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Quick Reference of GnuPG

Last modified: Apr, 2010

Generating keys

To generate a GPG private-public key pair, run

gpg --gen-key

It is an interactive and self-explanatory process.

Listing keys

To list public keys:

gpg --list-keys

and too list private keys:

gpg --list-secret-keys


To encrypt a file without a public key, run

gpg -c foo.txt

and enter a passphrase.

To encrypt a file with a public key, run

gpg --encrypt --recipient <email-address> foo.txt

The __ should be replaced by the corresponding email address registered with the desired public key.


To decrypt a file which was encrypted without a public key, run

gpg foo.txt.gpg -o <file-decrypted>

and enter the passphrase.

To decrypt a file which was encrypted with a public key, run

gpg --output foo.txt --decrypt foo.txt.gpg


gpg --decrypt foo.txt.gpg > foo.txt

Key import and export

To import a public key, run

gpg --import public.key 

To import a private key, run

gpg --allow-secret-key-import --import private.key 

To export a public key, run

gpg --export -a [email protected] > public.key 

To export a private key, run

gpg --export-secret-keys -a [email protected] > private.key 

Signing and verifying signature

To sign a file with Person A’s own public key, A should do

gpg --clearsign msg.txt

That will gives a new signed file called msg.txt.asc which contains both the content and signature. “–clearsign” means the signature is in clear text.

For Person B, to verify A’s signature on a file, he should do

gpg --verify msg.txt.asc

given that B has the public key of A in his keyring. Here B can verify if msg.txt.asc is really from A using A’s public key.

Getting fingerprint of a private key

gpg --fingerprint [email protected] 

Deleting keys

Delete a public key, run

gpg --delete-keys [email protected] 

Delete a private key, run

gpg --delete-secret-keys [email protected] 

Change the passphrase of a private key:

$ gpg --edit-key [keyID]
gpg> passwd
Enter passphrase: 
Enter the new passphrase for this secret key.
Enter passphrase:
Repeat passphrase:
gpg> save

NOTE: if you keep a copy of private key with original passphrase somewhere else, the encrypted file with the updated privated key can still be decrypted by the old private key. Only private key matters, and passphrase is irrelevant. So it is extremely important to keep the private key secure in your hands.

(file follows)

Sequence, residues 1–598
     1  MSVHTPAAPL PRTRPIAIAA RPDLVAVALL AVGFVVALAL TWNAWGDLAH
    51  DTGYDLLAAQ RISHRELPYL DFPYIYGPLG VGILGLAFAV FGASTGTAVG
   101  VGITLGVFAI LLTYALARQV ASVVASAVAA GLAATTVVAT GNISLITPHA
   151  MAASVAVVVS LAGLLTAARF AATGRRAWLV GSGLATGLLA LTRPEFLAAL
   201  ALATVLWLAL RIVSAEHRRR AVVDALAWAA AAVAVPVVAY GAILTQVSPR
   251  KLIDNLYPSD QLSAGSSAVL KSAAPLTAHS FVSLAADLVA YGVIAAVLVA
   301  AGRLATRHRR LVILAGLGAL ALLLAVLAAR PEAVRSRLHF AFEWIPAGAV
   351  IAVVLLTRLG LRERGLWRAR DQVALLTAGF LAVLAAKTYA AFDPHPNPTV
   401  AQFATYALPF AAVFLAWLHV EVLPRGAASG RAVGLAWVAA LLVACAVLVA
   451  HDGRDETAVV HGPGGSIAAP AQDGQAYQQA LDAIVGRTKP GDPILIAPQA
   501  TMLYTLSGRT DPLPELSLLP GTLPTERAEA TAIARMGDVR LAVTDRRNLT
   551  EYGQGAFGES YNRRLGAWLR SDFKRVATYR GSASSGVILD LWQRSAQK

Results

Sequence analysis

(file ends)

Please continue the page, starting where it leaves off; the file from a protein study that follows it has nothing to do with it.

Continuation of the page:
Extending expired keys


Run gpg-agent


At least the following works for Ubuntu (GNOME).

According to “man gpg-agent” (also here), GPG agent can be started together with X by adding this line into $HOME/.xsession

eval $(gpg-agent --daemon)

And don’t forget to add


to “‘$HOME/.gnupg/gpg.conf’”.


However, in my Feodora 14 LXDE (as well as Lubuntu 10.10), it seems that file “‘$HOME/.xsession’” is not read when X is started. So I just add the following into “‘$HOME/.bashrc’”:

# Start the GnuPG agent and enable OpenSSH agent emulation
# https://wiki.archlinux.org/index.php/Using_SSH_Keys#Using_GnuPG_Agent

if pgrep -u "${USER}" gpg-agent >/dev/null 2>&1; # see if gpg-agent daemon is running
echo > /dev/null # do nothing 
    eval `gpg-agent --enable-ssh-support --daemon &> /dev/null` # start gpg-agent daemon with ssh support

What it does is to start ‘gpg-agent’ when it is not there, or do nothing if it has been started. Note that ‘ssh-agent’ daemon is also started along with ‘gpg-agent’. If you have a ssh key, you need to add the key to the keyring by


It will guide you through the key adding process. For more ssh key manipulation, consult “ssh-add(1)”.

NOTE: Again, don’t forget to add “use-agent” to file “‘$HOME/.gnupg/gpg.conf’”, or ‘gpg-agent’ just won’t work.


“pub” and “sub” (or “sec” and “ssb”)

The difference has been discussed in the post here.

And I quote:

Every key on a keyring there is at least one signing and one encryption key. The signing key is the primary key, the encryption key is the subkey.”

To see the difference,

Public KeyRing
pub 1024D/069C39A4 2008-01-28
uid John Smith <[email protected]>
sub 2048g/045D39H5 2008-01-28

Private Keyring
sec 1024D/069C39A4 2008-01-28
uid John Smith <[email protected]>
ssb 2048g/045D39H5 2008-01-28

The public signing key is designated by pub 1024D/069C39A4. The corresponding private signing key is sec 1024D/06C39A4.

The public encryption key is designated by sub 2048g/045D39H5. The corresponding private encryption key is ssb 2048g/045D39H5. “

Run GPG from a different directory

By default, GPG reads keys from “$HOME/.gnupg”. But if one use an external drive to use GPG, this default directory can be modified by set

export GNUPGHOME=/path/to/keys

in “$HOME/.bashrc”.

  • http://aperiodic.net/phil/pgp/tutorial.html